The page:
The Pennsylvania Game Commission has decided to close the beautiful and often dangerous Glen Onoko Falls hiking trail near Jim Thorpe. Presumably, they have done so because of concerns about the safety of people who hike there and the number of times rescuers are forced into the woods, risking injury themselves, to save hikers who are careless or unprepared for the terrain.
Make no mistake, this trail can be dangerous. I’ve hiked it twice now. It can be sketchy if you are careless. People have died. Scores more have been injured. It’s not a long trail, but it is difficult and steep … and slippery. Erosion is making it more treacherous.
The dangers of the trail are well-established. In fact, when you enter the trail a giant sign hits you dead in the face, offering a sobering warning about what you are facing. It says, in part, “Hikers have been seriously injured and killed as a result of accidental falls from the trail and gorge overlooks. You are responsible for your safety.”
But should it be closed? No way.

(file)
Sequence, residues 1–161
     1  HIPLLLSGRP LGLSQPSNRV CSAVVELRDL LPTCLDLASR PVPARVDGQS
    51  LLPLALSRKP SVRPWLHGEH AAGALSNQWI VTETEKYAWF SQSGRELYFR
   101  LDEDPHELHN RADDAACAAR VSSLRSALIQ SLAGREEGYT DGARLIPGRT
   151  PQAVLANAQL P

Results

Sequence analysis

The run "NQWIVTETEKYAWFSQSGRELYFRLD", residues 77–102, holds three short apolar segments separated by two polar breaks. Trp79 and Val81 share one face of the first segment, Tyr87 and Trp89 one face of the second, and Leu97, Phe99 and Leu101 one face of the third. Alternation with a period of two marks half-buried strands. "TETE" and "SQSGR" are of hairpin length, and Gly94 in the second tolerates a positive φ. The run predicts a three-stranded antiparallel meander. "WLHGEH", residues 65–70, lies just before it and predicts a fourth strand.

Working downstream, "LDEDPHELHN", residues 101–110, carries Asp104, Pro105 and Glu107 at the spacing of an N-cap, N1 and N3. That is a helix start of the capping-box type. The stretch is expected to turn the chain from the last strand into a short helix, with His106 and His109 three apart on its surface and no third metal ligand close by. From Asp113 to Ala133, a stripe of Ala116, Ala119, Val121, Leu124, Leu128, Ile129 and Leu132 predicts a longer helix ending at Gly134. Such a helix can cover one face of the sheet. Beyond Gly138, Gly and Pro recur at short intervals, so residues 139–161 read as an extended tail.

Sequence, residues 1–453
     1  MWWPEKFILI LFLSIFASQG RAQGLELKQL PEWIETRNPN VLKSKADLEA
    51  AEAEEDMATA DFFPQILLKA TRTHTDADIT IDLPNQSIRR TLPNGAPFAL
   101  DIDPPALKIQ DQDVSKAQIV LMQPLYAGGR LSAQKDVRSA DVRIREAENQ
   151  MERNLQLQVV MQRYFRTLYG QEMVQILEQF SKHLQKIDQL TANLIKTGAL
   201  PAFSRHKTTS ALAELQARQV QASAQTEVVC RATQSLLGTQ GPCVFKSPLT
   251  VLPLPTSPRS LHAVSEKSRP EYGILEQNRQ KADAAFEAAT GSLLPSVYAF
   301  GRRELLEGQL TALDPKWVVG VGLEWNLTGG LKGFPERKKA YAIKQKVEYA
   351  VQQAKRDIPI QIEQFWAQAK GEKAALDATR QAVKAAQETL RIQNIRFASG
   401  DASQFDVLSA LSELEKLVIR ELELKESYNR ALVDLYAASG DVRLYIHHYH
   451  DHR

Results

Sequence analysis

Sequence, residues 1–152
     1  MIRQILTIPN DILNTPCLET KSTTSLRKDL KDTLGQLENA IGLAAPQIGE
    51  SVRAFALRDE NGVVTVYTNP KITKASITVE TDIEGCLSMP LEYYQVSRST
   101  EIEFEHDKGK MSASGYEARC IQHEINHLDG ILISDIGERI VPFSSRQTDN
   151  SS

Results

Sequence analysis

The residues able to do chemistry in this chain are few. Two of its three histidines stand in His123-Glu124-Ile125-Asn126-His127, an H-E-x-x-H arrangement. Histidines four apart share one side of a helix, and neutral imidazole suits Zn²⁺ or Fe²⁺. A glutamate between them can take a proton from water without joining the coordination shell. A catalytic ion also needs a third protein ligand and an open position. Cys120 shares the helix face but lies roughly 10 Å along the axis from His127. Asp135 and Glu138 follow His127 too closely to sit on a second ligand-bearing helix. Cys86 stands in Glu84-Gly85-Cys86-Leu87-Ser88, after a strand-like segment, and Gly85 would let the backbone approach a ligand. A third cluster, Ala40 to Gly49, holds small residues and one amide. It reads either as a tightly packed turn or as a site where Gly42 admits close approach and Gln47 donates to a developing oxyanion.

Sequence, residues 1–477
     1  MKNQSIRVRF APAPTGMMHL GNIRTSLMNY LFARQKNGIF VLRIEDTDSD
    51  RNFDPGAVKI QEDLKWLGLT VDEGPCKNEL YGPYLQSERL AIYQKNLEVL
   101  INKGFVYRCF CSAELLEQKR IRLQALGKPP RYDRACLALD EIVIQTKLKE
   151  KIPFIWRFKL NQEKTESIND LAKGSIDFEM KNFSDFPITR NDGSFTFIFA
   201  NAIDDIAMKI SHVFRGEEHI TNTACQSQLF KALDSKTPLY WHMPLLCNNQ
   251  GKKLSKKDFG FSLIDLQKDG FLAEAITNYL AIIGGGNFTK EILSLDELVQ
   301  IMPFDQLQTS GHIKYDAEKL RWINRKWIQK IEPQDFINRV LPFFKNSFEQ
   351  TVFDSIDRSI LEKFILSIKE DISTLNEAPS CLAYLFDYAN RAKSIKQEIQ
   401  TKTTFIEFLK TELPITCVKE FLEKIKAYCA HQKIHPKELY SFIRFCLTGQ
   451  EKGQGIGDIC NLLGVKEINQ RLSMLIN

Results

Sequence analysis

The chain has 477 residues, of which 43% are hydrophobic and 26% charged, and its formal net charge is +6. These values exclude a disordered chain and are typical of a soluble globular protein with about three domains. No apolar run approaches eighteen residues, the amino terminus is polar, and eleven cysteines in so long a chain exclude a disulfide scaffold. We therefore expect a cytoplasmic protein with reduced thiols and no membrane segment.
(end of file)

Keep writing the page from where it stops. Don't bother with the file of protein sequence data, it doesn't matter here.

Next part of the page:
This is the nuclear option. Natural beauty comes with risk. It’s not something you can legislate away … or shouldn’t anyway. Should we close the Appalachian Trail? It has dozens of dangerous spots. Are you telling me Glen Onoko is more dangerous than Mount Washington in New Hampshire, which also has a warning sign, by the way? You know what else it has? It has a roster of the names of those who have died trying to summit it. It’s not there as a source of pride but as a reminder that we have wild places in this country and wild places often come with danger.
But even if officials decide it is too dangerous, is closing it the only option? How about some other ideas. Why not close it temporarily to address the erosion? How about rerouting some trails to take pressure off the established ones? How about a checkpoint before you hike to vet those who wish to enter for proper gear and fitness? I’m guessing if you gathered people who love the trail and started exploring ideas, you would have an army of volunteers ready to help.
Granted none of these ideas are as easy putting up some “Do Not Enter” tape, but they seem worth exploring. I understand this trail is on State Game Lands and not part of the state park system so it becomes trickier to implement these ideas. But the notion that the solution is to simply take away one of the state’s great attractions is unnerving.
Right now, the trail is scheduled to close May 1. I’m not sure anything can stop it at this point, but the quickness in which this decision made was made is alarming and it would be far more helpful to close it temporarily if you must and search for ways to make one of the state’s great attractions accessible and safer.